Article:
Head of Zeus, 15 June 2017
I'm grateful to the publisher for an advance copy of this book and for inviting me onto the blogtour.
Rooted in the horror of the Second World War death camps, this book takes the idea that a germ of evil, once released, can never be completely destroyed. Ranging over the 70 since the end of that War, it shows how that evil cam grow, mutate and infect - until it meets Charlie Priest, rogue lawyer and ex-policeman.
Priest heads his own, very peculiar, practice, working not only as an advocate but, bluntly, as a private detective. Some of the usual tropes are there - bit of a shambolic personal life, ex who hates him, drinking, some dark secrets - but also some unusual ones; Charlie has a brother he put away himself for serial killing and he suffers from an usual mental illness that, at times, has him concerned he'll go the same way as William did. (But both of them are brilliant - there's a bit of a Holmes and Mycroft think when they meet and ratiocinate).
Another respect in which the books differs from the template is that Priest isn't a battling loner: he has gathered a team round him, a very smart team. There's Georgie Someday, for example, another young lawyer who has her own secrets and at times seems almost painfully shy, but is as brave and indomitable as a lion and is, covertly, supporting her mum through an invented competition prize (yay Georgie! I really liked her - way before the moment right at the end of the book when she faces her own personal demon and effectively tells it to **** off).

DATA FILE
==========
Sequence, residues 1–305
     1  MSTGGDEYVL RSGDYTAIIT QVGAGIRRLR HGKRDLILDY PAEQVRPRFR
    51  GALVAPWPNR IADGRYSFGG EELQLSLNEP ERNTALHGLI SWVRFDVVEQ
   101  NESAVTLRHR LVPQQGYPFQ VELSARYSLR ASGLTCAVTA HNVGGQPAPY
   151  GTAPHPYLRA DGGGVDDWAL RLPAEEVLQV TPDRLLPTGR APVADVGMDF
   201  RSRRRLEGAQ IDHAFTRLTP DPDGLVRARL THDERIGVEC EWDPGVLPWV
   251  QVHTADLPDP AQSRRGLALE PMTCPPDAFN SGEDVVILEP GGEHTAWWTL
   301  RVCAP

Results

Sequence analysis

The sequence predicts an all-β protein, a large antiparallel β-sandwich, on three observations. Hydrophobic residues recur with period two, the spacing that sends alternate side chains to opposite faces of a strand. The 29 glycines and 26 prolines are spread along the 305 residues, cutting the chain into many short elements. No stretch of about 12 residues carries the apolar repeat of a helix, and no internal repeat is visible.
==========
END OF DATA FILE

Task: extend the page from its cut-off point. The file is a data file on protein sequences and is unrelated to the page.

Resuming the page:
There's Vincent Okoro, another capable and shrewd lawyer - we don't see too much of him, but I hope we willin future. There's 'Solly' Solomon, the geeky, OCD- suffering forensic accountant (OK, maybe that's a bit of a stereotype). Priest lets all of these join in, run with their ideas and work with him rather than hiding things and striking out on his own.
Equally he forms a good partnership with the enigmatic Jessica Ellinder, sister of the man whose death he's hired to investigate. The Ellinder family just happen to own a global pharma business. The family are Important People and after the horrific death of Miles, the patriarch, Kenneth Ellinder, wants answers - and asks Priest to get them.
So begins a frantic chase putting Priest in mortal danger, involving buried secrets, a missing flash drive, a vengeful copper who wants to pin Miles's death on him - and creepy deliveries of a dessicated mayfly sent to a series of victims before they disappear. Invitations to the House of Mayfly... All of this keys into a mysterious postwar operation involving the enigmatic Colonel Ruck and the nazi Doctor Schneider. We see flashbacks of that but never, almost till the end, quite get the whole picture.
It's a compulsive and exciting read, packed with twists and turns and with a real sense of jeopardy and peril. introducing a very distinctive investigator. I'm looking forward to Hazel telling us more about Priest and his team in future books.
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